A couple years I posted about castling “through” check. Of course, you cannot really do that in chess, but, when castling long, sometimes the Rook goes through the checking square, which can create the illusion of castling through check. (The King is the piece that is not allowed to pass through a checking square, but the Rook can).
See the previous post if this sounds confusing.
I had mostly forgotten about this, but today I was playing a game where my opponent, desparate to get out of trouble, tried castling this way. The move that followed demonstrated why this can be a dangerous thing to do. The King is often cut off from an escape route. In this game, it was instant checkmate. In other games, you are usually putting your King in a restricted environment. In any case, this is more just fun to look at than anything else:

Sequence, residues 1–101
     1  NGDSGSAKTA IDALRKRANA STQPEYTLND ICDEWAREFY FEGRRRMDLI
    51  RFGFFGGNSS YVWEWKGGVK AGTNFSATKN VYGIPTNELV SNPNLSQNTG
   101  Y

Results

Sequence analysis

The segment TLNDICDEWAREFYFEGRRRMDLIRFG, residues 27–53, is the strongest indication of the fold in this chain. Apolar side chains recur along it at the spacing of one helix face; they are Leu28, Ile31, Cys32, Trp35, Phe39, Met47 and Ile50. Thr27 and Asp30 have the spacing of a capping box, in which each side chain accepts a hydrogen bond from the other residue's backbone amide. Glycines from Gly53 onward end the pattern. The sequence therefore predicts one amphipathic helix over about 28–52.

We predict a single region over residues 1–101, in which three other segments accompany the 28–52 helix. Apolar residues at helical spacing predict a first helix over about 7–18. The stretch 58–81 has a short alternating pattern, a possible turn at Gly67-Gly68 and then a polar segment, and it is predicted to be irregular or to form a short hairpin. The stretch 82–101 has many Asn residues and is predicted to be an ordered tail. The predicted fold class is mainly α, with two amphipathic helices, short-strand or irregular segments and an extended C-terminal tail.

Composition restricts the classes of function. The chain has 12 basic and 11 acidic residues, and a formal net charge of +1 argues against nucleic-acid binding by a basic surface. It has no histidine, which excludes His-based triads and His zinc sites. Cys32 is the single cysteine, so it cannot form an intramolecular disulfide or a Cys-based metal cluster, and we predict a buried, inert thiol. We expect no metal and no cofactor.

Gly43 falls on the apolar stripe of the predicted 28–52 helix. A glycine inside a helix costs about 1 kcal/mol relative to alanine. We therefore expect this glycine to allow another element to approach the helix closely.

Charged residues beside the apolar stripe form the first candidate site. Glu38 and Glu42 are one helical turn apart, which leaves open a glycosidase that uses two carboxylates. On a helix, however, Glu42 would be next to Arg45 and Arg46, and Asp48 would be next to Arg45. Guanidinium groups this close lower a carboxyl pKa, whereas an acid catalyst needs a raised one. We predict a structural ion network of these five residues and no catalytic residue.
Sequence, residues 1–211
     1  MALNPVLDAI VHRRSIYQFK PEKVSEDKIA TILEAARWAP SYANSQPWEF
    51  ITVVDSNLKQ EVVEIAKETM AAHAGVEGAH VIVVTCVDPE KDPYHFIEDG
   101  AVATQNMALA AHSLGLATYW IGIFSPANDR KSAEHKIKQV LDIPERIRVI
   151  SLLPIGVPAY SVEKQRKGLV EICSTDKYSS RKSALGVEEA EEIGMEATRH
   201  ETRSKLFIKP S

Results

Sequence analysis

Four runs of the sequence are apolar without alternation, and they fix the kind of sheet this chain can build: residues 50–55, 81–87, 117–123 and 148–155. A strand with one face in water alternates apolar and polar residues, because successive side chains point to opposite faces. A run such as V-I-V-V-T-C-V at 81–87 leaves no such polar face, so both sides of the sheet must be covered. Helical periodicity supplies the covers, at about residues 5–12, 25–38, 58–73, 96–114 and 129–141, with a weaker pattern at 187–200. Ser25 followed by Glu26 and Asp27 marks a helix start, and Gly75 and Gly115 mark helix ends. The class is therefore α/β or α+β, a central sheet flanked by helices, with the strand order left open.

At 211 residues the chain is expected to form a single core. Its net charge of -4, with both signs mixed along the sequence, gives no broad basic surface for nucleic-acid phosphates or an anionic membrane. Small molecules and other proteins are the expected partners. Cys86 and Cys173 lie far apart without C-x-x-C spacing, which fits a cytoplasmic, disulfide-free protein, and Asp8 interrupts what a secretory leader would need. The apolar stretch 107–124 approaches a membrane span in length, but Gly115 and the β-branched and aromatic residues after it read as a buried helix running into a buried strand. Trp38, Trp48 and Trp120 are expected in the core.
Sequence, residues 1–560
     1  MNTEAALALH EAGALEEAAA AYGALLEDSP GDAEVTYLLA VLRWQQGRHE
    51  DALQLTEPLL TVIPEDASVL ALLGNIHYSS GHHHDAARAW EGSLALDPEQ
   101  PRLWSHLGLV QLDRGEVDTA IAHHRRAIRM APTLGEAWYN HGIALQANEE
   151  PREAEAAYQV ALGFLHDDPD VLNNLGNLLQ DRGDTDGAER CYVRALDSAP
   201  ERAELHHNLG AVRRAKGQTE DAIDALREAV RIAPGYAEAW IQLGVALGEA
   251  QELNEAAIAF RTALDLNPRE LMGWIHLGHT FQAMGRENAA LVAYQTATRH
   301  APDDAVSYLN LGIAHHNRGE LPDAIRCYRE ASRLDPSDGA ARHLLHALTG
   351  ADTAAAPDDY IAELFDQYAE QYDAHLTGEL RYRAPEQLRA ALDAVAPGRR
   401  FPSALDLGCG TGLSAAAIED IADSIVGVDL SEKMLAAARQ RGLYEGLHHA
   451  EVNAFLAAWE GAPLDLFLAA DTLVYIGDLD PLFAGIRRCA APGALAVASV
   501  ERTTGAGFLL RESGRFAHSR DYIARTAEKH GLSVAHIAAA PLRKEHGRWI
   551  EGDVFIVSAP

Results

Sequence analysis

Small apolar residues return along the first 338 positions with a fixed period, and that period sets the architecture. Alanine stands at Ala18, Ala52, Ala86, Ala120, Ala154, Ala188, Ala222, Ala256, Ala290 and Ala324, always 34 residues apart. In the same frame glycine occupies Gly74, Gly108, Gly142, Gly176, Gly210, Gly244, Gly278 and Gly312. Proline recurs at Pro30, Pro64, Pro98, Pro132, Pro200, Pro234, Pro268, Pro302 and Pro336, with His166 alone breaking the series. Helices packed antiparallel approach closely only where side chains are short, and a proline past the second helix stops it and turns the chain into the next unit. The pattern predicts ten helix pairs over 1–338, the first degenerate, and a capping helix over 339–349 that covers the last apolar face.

On Move 18, Stockfish is already suggesting that Black play Rf8 given the game-ending threat of Rxf7 then Rf8+ followed by mate.
On Move 19, I did have to capture back before proceeding, because if I try to get cute by leaving the Queen en pris and going for the mate, Black can take the Queen with check and then sack his own Queen back with Qf6. Black is still in a fairly hopeless position, but the game continues.
On Move 22, Black cracks under the pressure. Finally able to free his King from prison, he plays the immediately fatal O-O-O.